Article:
Researchers are trying to understand how post-secondary students from small northern communities are coping with “zoom university.”
A study titled Monitoring Outcomes of Northern Students’ Resilience in Isolated and Secluded Environments – also known by its catchier acronym, Moonrise – is a fourth-year thesis project for University of Victoria student Cheiyenne Fontanilla.
“The purpose of the study is to develop an understanding of the mental and emotional experiences of individuals from isolated and secluded northern environments,” said Fontanilla in an email.
Many northern students have been forced to attend university virtually for at least a portion of the pandemic.
The study is recruiting students or former students between 18 and 25 years old who are a current or former resident of a Canadian territory, are enrolled in a post-secondary institution, and have completed at least one semester of online school.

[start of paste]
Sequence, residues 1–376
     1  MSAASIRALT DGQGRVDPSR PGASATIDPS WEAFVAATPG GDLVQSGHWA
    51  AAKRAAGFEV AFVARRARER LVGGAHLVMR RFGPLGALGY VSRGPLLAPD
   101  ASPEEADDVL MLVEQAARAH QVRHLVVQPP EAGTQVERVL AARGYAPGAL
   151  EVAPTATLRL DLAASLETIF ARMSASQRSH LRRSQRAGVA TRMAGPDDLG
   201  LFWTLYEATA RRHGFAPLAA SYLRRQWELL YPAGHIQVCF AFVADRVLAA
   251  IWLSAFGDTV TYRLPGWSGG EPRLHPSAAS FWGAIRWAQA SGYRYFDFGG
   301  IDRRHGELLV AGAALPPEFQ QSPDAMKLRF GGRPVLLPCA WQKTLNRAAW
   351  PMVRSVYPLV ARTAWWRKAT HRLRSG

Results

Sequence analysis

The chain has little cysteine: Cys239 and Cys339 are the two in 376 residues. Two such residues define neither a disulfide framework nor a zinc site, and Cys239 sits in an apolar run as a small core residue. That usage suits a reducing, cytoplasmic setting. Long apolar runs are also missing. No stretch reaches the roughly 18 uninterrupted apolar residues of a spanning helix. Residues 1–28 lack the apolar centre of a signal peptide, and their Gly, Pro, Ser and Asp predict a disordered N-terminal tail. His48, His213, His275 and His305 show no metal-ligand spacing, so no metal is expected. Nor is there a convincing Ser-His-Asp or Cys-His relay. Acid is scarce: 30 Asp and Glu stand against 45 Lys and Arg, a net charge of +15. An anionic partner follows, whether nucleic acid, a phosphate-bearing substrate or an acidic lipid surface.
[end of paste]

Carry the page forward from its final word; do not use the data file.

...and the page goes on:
Students who choose to participate will receive a booklet with more information once they’ve registered. The study will not identify participants by name.
Fontanilla said she hopes to determine which factors lead to positive online learning outcomes among students.
The study consists of a brief survey, a cognitive test, and an optional interview over video chat that gives participants an opportunity to expand on their experience.
Many post-secondary students attending universities elsewhere in Canada recently returned to NWT communities.
Fontanilla’s findings could have implications for those students as well as the long-awaited transformation of Aurora College into a polytechnic university, which the NWT government has said may explore digital offerings.
Fontanilla encouraged interested students to contact email@example.com.